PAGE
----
Billy Frank, Jr., a tribal activist and “a true legend,” dies
“He was a selfless leader who dedicated his life to the long fight for the rights of our state’s native people. Billy was a champion of tribal rights, of the salmon, and the environment. He did that even when it meant putting himself in physical danger or facing jail,” Gov. Jay Inslee said in a statement.
Inslee said he was thankful Frank was alive to see the 2014 Legislature overturn convictions stemming from the “Fish Wars” of the 1960s and 1970s. Frank was one of many tribal members arrested for exercising treaty rights to fish.
“Billy was right on this issue and the state owed this gesture of justice to him and others who jeopardized their liberty to fight for treaty rights,” Inslee said.
U.S. Senator Patty Murray, D-Wash., noted Frank was the “state’s foremost advocate for tribal rights, salmon recover, and conservation efforts.”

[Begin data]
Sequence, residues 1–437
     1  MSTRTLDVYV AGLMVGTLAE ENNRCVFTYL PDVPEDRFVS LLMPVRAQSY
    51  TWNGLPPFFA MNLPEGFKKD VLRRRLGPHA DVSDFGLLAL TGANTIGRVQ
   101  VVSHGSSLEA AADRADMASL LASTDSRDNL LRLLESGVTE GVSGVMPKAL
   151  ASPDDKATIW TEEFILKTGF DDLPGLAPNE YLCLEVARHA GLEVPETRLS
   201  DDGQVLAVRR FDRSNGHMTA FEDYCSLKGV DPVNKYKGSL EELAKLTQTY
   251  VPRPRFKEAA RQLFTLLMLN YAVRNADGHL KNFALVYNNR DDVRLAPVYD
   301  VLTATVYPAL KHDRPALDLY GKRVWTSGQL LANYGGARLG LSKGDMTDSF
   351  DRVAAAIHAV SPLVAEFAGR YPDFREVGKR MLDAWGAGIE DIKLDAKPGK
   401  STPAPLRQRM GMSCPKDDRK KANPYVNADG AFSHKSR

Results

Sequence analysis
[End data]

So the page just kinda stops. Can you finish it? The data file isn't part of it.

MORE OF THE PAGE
“From the members of Washington state’s tribes to all of us who cherish our natural treasures and salmon-fishing heritage, Billy Frank’s remarkable life touched everyone who calls Washington state home,” Murray said in a statement.
Frank’s life story was chronicled by Trova Heffernan in her book “Where the Salmon Run: The Life and Legacy of Bill Frank Jr.”
“Billy was a singular force of nature and a central player of tribal-state relations in the past half-century. Long after the `Fish Wars’ were settled, Billy remained engaged as the longtime leader of the Northwest Indian Fisheries Commission, patriarch of higher education for tribal youth at The Evergreen State College, and a tireless voice for economic and social justice. He will be missed, and it will be up to all of us to carry on his work,” Secretary of State Kim Wyman said in a statement.